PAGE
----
My Sober Life, Chapter 6

In which I discover I have an eidetic memory, how it sometimes is the worst, and that alcohol helps me forget

It is a blessing and a curse to remember a lot of things. Usually, it’s a blessing. You start a story with, “Remember that one time…” and you jog the memory of another person and you enjoy a nostalgic moment together. But there are those times when all you want to do is forget, and you just…can’t.

My earliest memory is shortly after my family moved back to Colorado when I was just one year old. I have fact-checked this memory against my parents and siblings for accuracy of surroundings, and they have validated it. Strangely enough, I can also see the memory from two angles.

The first is seeing it from my body. I am standing in a crib in the dark. A room-length window is to my left, and across from me is a four-poster bed with a canopy. I am crying and scared. I do not know where I am.

The second angle is as though I am in the opposite corner of the room near the ceiling, floating. I am looking down at this baby standing in the crib, screaming. The baby is doing that thing when you cry so hard, you can’t catch your breath. That half-hiccough, half-sob/moan, and the tears streaming catch the light of the moon outside. 

When I say, “I can see the memory,” I mean that literally. All I have to do is unfocus or close my eyes, and it’s in my head, or my mind palace, if you will. This is true for almost every memory I have. I just have to take a second to recall it, and then it’s like I’m watching a movie. Some of the outer edges are fuzzy, but overall, it’s as accurate as it can be.

Research shows that feelings and emotion play a significant role in memory. Because emotions serve a purpose and function, they can change and influence a memory. I take that into consideration when recalling. How I remember something may be completely different from the way another person remembers it. (Put this in your back pocket…it will come up in a future chapter…)

Anywho, all this is to talk about my first drink (or drinks, as it were). That’s what we’re all here for, right? Now, I had tasted alcohol before. My dad used to give me the dregs of his beers when I was little, and I was raised Catholic, so I’d been tasting wine, er, blood, er…since I was eight. Basically I was a vampire.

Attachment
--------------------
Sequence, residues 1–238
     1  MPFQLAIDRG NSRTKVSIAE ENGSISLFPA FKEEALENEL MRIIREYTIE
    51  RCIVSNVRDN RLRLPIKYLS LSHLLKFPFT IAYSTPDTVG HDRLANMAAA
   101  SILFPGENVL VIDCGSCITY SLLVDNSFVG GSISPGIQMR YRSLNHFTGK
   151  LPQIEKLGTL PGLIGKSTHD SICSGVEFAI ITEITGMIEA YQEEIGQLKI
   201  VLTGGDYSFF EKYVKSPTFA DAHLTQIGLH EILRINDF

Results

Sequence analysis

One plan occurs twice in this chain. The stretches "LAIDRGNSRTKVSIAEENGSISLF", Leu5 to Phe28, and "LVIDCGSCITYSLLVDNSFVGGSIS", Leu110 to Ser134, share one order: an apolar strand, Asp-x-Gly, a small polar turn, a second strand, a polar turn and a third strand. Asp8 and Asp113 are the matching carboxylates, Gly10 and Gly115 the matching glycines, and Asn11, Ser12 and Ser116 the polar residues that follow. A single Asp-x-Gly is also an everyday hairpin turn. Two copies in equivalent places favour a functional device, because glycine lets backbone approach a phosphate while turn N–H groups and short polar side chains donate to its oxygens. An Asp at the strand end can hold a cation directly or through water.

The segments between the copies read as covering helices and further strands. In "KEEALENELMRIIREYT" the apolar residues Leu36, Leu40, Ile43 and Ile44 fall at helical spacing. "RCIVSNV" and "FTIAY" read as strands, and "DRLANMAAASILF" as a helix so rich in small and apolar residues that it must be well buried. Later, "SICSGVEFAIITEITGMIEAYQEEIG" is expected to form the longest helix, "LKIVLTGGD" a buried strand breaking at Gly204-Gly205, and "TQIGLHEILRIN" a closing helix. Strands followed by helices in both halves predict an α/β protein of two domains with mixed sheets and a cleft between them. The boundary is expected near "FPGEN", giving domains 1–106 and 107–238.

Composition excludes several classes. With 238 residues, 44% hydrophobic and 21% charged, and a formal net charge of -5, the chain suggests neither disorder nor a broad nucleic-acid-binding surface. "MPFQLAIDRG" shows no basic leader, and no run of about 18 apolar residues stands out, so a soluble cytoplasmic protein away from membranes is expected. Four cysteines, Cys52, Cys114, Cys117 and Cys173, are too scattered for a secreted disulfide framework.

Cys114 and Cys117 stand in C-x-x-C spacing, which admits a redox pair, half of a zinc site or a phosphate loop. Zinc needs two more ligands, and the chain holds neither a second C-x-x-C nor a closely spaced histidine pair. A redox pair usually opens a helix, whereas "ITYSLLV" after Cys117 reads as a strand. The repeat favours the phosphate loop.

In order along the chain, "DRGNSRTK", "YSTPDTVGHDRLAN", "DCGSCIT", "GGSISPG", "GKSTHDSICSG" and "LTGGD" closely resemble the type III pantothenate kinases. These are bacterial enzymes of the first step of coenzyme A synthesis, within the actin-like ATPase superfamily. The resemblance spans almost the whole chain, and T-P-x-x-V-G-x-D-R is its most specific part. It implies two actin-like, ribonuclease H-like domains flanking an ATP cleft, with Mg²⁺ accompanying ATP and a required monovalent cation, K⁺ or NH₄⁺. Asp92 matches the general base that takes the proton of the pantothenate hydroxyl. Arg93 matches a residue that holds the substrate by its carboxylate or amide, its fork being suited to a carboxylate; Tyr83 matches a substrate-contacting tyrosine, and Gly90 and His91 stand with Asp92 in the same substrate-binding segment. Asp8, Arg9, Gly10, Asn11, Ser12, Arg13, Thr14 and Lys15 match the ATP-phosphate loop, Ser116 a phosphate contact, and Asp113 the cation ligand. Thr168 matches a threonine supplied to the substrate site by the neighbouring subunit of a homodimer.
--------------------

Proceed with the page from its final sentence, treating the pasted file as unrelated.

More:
But the first time I purposely drank with the intent of getting drunk, I was 15. May 19, 1995 (thank you, internet). Freshman year of high school had just ended or was about to end. It was my first concert at Red Rocks. First time seeing Big Head Todd and the Monsters. I had to BEG my parents to let me go. My friend’s older brother and his friends (juniors in high school) were going to take us, and they were not inclined to say yes. I’m still not sure how I managed it. 

Back then you could bring thermos’ into Red Rocks, and these boys brought bright red, fruit punch Kool-Aid. And they generously added in a bottle of everclear. We’re talking 150-proof, no-messing-around BOOZE. I was nervous. All that Catholic guilt is heavy on the shoulders. My two friends had already been down this road and looked at me like I was taking the whole thing way too seriously. Then one of the boys put his arm around my shoulder and gave me a little shake. 

“Let loose! We’re at f***ing Red Rocks, for Pete’s sake!” I decided he was right. I took the red Solo cup and lifted it to my nose, inhaling. I pulled a face but took a timid sip. I had never tasted anything like it. It tasted like acid and sweetness and rebellion. I took a longer gulp. It went down with a shiver. I weighed maybe a buck-twenty; the buzz and lightness went straight to my head. The boys smiled encouragingly and my friends laughed. “Finally!” And from there on, it’s just flashes of images.

Another first that night – my first blackout. Alcohol affects and alters short-term memory function, and for me, it’s like taking an eraser to the blackboard. Wiped clean. Huge chunks of time…poof. Gone.

But you guys, we had a freaking amazing time. Even though I’ve seen BHTM a couple dozen times since then, when I hear Bittersweet (easily one of my top five favorite songs of all time) or “I closed the door!“, I am instantly transported back to that night. 

The breath of summer playing on our skin…dancing and singing our hearts out…dropping inhibitions…picking up confidence…forgetting to care what other people might be thinking about me.

I will always remember the feeling evoked from that night. 

It feels like freedom.

Big Head Todd and the Monsters – Bittersweet – Red Rocks – 1995

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